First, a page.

That the book received the success that it did serves as an inspirational tale of the importance of tenacity and the moral that publishing success depends on the spirit of the times. The book sold only 1046 copies in its first months but attracted media publicity and interviews with personalities such as Saul Bellow. The English translation generated 3000 copies during its first three years, but by 2006 was selling approximately six million copies annually in the United States alone. Part of this success was due to the fact that in that same year, Oprah Winfrey chose it to carry her book club logo. The book underwent a new translation by Marion Wiesel, Wiesel’s wife, and a new preface by Wiesel. As a result, the book ranked first on the New York Times bestseller list for paperback nonfiction, as well as becoming the Oprah Book Club's third overall bestseller.

Night is the first book in the trilogy—Night, Dawn and Day—marking Wiesel’s transition from darkness to light. As Wiesel commented:

In Night, I wanted to show the end, the finality of the event. Everything came to an end—man, history, literature, religion, God. There was nothing left. And yet we begin again with night. (Reichek, 1976, p. 46.)

Scholars of Night have been unsure as to its literary genre. Some see it as a novel or autobiography, or somewhere along that spectrum, while others call it testimony (e.g., Weissman, 2004, pp. 65–67). Wiesel himself resolutely denies that it is a novel, calling it instead his deposition (Rivers, p. 79). Ultimately, it may be just a novel piece of writing that combines memoir with philosophy written in an existentialist style about the meaninglessness of life, the bestiality of man, and the nonexistence of God.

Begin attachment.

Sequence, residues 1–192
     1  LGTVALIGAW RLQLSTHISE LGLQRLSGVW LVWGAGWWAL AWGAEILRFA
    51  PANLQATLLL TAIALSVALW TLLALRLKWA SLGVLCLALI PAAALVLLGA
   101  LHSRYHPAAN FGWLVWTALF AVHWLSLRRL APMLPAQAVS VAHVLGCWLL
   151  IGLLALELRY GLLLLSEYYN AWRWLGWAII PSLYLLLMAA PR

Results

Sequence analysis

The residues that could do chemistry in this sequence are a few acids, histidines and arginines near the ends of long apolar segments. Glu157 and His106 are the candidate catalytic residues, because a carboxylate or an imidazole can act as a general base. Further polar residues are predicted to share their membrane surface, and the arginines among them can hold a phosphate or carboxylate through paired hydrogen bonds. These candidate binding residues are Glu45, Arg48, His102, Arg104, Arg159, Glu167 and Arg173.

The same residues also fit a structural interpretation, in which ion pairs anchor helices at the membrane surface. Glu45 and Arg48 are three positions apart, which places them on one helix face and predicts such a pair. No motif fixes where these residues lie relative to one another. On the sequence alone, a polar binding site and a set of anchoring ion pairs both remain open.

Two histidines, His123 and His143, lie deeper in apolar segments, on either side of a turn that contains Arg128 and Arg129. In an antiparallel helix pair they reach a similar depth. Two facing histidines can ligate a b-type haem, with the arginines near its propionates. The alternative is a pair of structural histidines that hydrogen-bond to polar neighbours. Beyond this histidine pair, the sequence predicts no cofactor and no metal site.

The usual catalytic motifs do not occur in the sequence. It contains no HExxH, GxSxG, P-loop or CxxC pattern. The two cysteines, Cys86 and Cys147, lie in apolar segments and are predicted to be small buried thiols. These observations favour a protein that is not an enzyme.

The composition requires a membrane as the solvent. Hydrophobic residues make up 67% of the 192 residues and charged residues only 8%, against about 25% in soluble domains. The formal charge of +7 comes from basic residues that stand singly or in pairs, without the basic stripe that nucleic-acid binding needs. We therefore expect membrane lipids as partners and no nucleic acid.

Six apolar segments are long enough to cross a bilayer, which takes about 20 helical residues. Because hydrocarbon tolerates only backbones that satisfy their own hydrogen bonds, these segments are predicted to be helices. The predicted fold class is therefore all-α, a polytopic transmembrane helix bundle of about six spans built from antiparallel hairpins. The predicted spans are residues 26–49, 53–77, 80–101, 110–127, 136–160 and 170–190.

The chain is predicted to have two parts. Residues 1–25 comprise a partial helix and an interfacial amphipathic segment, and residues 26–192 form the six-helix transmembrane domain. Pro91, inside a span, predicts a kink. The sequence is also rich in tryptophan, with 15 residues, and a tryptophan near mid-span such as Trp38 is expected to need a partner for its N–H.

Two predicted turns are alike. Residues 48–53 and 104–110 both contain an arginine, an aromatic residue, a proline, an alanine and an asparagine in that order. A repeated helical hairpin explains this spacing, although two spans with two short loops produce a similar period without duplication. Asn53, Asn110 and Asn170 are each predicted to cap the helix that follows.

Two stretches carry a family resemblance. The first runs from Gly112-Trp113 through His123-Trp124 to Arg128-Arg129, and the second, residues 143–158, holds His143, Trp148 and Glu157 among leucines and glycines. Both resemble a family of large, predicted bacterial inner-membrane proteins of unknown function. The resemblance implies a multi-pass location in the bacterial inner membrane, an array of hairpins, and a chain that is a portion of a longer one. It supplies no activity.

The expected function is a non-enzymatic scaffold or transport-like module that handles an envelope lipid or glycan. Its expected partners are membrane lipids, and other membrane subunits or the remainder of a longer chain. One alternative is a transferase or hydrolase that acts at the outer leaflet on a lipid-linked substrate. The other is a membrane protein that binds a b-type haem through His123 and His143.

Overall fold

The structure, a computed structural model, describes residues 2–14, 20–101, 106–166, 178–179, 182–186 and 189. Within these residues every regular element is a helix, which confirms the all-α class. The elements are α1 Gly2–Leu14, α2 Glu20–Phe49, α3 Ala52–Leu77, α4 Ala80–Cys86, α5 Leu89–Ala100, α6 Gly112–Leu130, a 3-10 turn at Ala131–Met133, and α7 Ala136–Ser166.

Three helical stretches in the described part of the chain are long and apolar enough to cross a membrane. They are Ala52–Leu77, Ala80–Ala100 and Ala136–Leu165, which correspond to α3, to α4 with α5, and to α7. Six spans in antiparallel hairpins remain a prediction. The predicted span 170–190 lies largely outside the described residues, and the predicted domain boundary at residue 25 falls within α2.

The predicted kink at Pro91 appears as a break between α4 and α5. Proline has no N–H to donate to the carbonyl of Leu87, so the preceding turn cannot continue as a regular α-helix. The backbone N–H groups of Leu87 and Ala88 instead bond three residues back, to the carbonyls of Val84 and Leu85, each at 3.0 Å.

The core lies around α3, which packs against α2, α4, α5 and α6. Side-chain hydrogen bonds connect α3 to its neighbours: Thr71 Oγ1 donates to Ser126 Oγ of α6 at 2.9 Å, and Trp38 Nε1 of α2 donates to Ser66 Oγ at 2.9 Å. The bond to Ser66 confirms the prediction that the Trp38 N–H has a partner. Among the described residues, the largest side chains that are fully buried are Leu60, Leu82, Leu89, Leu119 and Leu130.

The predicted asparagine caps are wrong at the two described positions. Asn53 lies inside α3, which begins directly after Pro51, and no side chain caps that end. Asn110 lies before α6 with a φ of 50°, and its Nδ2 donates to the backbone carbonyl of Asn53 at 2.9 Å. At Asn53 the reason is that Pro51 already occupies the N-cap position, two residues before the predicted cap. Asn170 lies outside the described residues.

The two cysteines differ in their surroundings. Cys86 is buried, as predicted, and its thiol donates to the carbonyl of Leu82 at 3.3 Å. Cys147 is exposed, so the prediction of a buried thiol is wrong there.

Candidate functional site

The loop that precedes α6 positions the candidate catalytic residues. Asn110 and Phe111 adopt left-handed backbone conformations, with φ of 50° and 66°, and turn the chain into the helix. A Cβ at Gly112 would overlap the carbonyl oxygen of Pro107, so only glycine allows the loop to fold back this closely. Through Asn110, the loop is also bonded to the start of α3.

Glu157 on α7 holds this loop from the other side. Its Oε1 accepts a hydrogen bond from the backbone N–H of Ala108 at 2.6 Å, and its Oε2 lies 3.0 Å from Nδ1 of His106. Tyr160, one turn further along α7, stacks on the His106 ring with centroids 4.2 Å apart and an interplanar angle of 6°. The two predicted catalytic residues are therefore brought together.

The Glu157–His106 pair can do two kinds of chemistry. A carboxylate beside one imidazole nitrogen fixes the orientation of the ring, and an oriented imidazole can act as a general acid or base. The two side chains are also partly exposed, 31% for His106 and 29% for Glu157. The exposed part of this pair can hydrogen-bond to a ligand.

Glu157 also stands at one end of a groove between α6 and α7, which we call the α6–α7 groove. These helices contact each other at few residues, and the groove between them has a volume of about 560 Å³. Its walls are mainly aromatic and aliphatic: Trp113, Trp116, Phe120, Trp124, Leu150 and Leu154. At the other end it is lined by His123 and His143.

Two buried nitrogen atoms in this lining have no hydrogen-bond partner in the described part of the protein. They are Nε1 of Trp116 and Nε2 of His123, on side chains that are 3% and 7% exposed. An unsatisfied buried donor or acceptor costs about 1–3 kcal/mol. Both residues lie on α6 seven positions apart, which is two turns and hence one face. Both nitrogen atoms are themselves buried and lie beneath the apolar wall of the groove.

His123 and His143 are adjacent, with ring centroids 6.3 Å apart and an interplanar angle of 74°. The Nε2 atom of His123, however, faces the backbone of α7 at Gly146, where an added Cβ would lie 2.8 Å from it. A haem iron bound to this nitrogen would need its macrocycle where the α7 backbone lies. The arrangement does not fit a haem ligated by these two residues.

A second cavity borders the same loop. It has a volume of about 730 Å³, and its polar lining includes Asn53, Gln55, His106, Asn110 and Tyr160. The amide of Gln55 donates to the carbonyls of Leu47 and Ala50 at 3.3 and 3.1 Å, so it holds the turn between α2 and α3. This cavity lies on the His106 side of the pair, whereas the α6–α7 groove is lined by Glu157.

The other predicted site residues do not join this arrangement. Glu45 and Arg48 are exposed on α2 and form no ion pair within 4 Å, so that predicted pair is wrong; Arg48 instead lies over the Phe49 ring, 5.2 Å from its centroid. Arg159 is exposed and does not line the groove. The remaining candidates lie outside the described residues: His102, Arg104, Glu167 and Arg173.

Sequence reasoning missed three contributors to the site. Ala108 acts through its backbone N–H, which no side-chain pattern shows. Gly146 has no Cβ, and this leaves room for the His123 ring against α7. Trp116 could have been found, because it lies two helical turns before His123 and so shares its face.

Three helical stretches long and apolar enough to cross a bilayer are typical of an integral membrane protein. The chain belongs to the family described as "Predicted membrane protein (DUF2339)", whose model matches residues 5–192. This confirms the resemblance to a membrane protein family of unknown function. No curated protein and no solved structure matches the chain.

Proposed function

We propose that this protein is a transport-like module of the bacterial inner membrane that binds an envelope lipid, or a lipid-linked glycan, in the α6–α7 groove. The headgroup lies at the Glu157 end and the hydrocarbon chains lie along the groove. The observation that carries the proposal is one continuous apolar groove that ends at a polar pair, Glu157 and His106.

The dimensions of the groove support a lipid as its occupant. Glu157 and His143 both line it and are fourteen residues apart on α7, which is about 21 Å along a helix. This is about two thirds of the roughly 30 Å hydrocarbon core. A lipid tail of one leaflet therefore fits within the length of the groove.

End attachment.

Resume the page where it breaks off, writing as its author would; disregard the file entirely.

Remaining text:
Compounded with the novel’s contradictions is the fact that the Yiddish and English versions are written with slightly differing accounts: the Yiddish version, including details Jewish revenge that occurred slightly after Buchenwald was liberated (in the form of, for example, raping German girls), while the English version emphasizes that the Jewish men slept with girls but did not perpetrate revenge. This was, possibly, due to the advice of Mauriac, a Roman Catholic (Seidman, 1996).

In the foreword to the book, Mauriac describes how he had first seen Wiesel, a journalist who came to interview him. Mauriac confided in Wiesel that he had been touched by the cattle cars of young Jewish children that his wife had seen at the Austerliz train station, and Wiesel remarked that he had been one of the children aboard a cattle car. Mauriac was taken by Wiesel and his tale and urged him to publish it. He remained his indefatigable patron to the end.